- Edward Fairfax (Daniel Bermudez)
- Blanche Fairfax (Felicia Nau)
- Audrey Rochester (Gabriella Iacovetti)
- Stanley Larson (Kyle Monroe)
- Albert Brightham (Jeremy Babcock)
- Ingrid Brightham (Rachel Ellis)
- Mr. X (Adam Shefton)
- Miss Henrietta Clifford (Sarah Haller)
- Basil (Andrew Bermudez)
- Stew LaRoach (Cody Ehlen)
- Greta Whyte (Esther Silvers)
- Beth Morgan (Jessica Hawley)
- Lavinia Crawford (Julianna Hollister)
- Mr. Rogers (cut from film)
- Cathy (cut from film)
- Federica Frumpet (cut from film)
- Patricia (cut from film)
- Lois Banks (cut from film)
- Miranda Banks (cut from film)
- Myrna Werther (cut from film)
- Chief Della Wickfield (Sabrina Lewis)
- Lieutenant Thelma Dorrit (Breanna Whitley)
- Sergeant Farley O'Doyle (Brandon Maddux)
- Officer Eleanor Black (Lauren Isbell)
- Detective Philip Thornton (Daniel Ellis)
- Emma Reid (Jordon Nelson)
- Teresa Bermudez - Director; Producer; Cameraman
- Michelle R. Davis - Writer
- Sarah Haller - Actor
- Andrew Bermudez - Actor; Editor; Sound Mixer; Composer
- Julianna Hollister - Actor
- Esther Silvers - Actor
- Jessica Hawley - Actor
- Adam Shefton - Actor
- Rachel Ellis - Actor
- Jeremy Babcock - Actor
- Kyle Monroe - Actor
- Gabriella Iacovetti - Actor
- Daniel Bermudez - Actor
- Felicia Nau - Actor
- Cody Ehlen - Actor
- Lauren Isbell - Actor
- Brandon Maddux - Actor
- Breanna Whitley - Actor
- Sabrina Lewis - Actor
- Daniel Ellis - Actor
- Jordon Nelson - Actor
- Daniel O'Kelly - Assistant Director
- Alex Shefton - Assistant Director
- Al Bermudez - Cameraman; Set Construction
- Paula Whitley - Stage Manager; Advisory
- Curt Freeman - Set Construction
- Judy Addeo - Chaperone Organizer
- Sandi Lewis - Prop Manager
- Georgia Walter - Catering; Clean-Up
- Pat Babcock - Production Assistant
- Linda Maddux - Budget Supervisor
- Rich Dorosh - Photography
- Jim Freeman - Photography
- Lisa Fidelibus - Make-Up and Hair Stylist
- Joshua Maddux - Key Grip
- Nic Iacovetti - Promotional Art
"Stop it! Stop it! You're ruining everything!"
Mystery at Shady Acres contains examples of the following tropes.
- The Alibi: Every suspect has some form of alibi that they tell to the police. The only alibi that is visually presented is Basil's, since he is clearly shown sleeping at the front desk during the theft and therefore could not have committed the crime.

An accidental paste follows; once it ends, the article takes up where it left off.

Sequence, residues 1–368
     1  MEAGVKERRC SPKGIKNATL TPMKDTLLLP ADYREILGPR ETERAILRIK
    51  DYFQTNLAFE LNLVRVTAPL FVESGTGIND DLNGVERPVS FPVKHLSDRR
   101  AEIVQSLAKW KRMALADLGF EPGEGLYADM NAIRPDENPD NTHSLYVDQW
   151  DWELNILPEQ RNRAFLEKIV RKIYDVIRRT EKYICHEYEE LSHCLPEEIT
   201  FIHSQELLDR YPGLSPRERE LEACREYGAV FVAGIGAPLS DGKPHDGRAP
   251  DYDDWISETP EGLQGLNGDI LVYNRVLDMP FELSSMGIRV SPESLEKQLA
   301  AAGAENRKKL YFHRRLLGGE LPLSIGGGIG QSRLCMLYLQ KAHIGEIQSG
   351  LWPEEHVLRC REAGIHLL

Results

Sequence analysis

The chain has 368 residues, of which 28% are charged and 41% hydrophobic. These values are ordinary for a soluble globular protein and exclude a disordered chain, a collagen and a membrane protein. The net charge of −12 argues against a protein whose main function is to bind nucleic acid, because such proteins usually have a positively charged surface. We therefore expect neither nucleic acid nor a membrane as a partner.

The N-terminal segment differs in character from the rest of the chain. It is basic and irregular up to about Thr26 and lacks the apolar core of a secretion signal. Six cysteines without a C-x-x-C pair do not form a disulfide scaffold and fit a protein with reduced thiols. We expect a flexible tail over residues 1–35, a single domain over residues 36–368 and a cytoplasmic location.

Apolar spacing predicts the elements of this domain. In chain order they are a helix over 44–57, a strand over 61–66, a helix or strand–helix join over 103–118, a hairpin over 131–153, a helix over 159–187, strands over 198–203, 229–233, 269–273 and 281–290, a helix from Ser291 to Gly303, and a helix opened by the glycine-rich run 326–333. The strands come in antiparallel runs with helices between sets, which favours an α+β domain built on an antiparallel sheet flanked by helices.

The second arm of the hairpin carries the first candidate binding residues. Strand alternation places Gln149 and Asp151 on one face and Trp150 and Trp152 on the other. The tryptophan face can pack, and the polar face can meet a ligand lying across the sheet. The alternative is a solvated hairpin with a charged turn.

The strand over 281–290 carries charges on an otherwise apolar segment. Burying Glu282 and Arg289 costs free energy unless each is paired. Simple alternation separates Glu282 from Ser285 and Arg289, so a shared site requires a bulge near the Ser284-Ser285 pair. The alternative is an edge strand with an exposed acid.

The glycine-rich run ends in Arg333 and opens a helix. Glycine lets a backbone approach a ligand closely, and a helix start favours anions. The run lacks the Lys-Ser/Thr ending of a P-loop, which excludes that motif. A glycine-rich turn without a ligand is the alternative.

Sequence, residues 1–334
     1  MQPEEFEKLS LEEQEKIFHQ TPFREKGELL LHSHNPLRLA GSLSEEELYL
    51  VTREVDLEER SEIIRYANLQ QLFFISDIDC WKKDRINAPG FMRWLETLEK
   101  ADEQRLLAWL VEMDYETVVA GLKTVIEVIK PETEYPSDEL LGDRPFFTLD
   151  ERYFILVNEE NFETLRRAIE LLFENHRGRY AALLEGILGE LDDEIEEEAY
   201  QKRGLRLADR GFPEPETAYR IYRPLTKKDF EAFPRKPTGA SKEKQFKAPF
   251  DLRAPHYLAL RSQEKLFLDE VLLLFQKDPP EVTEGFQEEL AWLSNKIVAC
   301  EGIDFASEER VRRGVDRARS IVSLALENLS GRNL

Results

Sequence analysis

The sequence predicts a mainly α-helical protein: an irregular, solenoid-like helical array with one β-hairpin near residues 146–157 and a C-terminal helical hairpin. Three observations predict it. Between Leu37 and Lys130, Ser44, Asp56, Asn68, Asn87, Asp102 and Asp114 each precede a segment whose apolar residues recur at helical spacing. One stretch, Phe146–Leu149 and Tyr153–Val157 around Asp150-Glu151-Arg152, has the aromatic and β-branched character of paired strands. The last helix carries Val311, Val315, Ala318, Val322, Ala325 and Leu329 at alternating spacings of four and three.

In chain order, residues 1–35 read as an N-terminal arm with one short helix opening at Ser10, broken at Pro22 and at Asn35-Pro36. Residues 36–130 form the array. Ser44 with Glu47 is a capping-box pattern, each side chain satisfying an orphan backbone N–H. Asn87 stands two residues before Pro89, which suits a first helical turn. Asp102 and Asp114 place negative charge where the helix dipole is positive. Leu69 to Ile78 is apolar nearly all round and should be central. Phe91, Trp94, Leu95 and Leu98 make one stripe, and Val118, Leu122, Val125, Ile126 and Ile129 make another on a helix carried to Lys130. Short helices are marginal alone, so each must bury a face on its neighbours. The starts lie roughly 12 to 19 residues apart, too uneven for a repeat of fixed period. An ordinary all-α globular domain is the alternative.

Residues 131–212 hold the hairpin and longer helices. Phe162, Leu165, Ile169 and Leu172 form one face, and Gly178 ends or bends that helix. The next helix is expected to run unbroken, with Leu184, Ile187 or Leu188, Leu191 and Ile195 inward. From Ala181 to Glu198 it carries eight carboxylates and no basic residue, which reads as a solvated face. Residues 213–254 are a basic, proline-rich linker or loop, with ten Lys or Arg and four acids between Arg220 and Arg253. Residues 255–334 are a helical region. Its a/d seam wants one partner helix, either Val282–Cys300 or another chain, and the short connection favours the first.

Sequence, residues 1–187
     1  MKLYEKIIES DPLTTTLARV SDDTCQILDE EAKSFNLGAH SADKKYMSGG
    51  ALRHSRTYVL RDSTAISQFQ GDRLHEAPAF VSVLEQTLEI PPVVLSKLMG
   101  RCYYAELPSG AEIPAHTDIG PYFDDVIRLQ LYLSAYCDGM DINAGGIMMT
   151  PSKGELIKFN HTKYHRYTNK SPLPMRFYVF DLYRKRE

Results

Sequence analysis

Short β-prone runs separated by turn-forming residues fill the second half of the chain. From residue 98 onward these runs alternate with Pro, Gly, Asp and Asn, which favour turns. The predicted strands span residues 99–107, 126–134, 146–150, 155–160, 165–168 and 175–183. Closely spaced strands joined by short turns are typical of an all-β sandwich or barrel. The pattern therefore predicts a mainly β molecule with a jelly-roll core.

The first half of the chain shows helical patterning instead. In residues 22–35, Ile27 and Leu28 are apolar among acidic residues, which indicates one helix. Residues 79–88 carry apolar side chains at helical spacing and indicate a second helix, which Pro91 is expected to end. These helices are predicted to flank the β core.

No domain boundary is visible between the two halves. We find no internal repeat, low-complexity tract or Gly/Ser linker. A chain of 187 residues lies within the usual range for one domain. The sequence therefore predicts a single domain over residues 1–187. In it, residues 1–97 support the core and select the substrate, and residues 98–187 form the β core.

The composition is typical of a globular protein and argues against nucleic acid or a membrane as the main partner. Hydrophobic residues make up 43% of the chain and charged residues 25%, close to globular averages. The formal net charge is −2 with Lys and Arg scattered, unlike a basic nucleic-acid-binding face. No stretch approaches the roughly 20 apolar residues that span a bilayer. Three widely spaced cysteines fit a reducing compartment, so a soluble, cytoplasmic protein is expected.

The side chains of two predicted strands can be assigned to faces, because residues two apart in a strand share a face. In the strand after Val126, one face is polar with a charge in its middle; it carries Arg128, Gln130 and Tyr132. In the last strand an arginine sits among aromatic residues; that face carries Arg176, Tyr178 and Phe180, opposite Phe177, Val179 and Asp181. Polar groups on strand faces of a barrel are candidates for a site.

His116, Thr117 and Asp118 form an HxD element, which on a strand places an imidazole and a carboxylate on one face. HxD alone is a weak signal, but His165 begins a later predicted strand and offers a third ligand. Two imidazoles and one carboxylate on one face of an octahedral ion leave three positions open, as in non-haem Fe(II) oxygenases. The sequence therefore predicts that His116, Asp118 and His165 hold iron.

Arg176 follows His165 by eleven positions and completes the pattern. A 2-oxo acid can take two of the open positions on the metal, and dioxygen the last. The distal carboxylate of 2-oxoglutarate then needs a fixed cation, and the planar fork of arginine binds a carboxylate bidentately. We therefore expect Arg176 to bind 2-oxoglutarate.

- The Artifact: In the lobby of Shady Acres, front and center, is a fireplace with the initials J.D. on it. What do those initials stand for? They stand for John Dale because this fireplace was a recycled set piece from The Rented Christmas (though the headboard over the mantle was replaced for this production to blend into the back wall and to not make the fireplace so top-heavy). Also, Ingrid's dialogue about an English Tea Garden Tour and the accompanying sign are left over from the cut English Tea Garden Tour Group that, in the director's view, contributed nothing to the play.
- Audience? What Audience?: As Detective Philip Thorton questions the audience, his assistant Emma Reid walks in, asking him what he's doing.
- Closed Circle: Slightly subverted, since some of the characters (Edward, Blanche, and Mr. X) do leave and return to the hotel. This trope is only really invoked when the Shadyville Police Force orders all of the suspects to remain at the hotel.
- Clueless Detective: The character of Detective Philip Thorton.
- Da Chief: Chief Wickfield is a less intense version of this trope.
- Everyone Is a Suspect: With the exception of Basil, all of the hotel's staff and guests are considered suspects, even the victim, Blanche Fairfax.
- Everything's Sparkly with Jewelry: Blanche's diamond necklace allows her to flaunt her riches to everyone else.
- Evidence Scavenger Hunt: What the police and Thorton Detective Agency do when they begin hunting for clues and interrogating the hotel's staff and guests. Also, the audience does this during Shady Acres Super Sleuth.
- Exploiting the Fourth Wall: Right before and after intermission, Chief Della Wickfield uses volunteers from the audience to help her solve the mystery. Detective Thorton also does this, with humorous results.
- Fair-Play Whodunnit: The premise of the film.
- Hide the Evidence: Albert and Ingrid Brightham do this when they steal the evidence right before Detective Thorton arrives.
- Idle Rich: The characters of Edward and Blanche Fairfax.
- Instant Sedation: This happens to Blanche right before her diamond necklace is stolen, though it does take about ten seconds for the sedative to take full effect.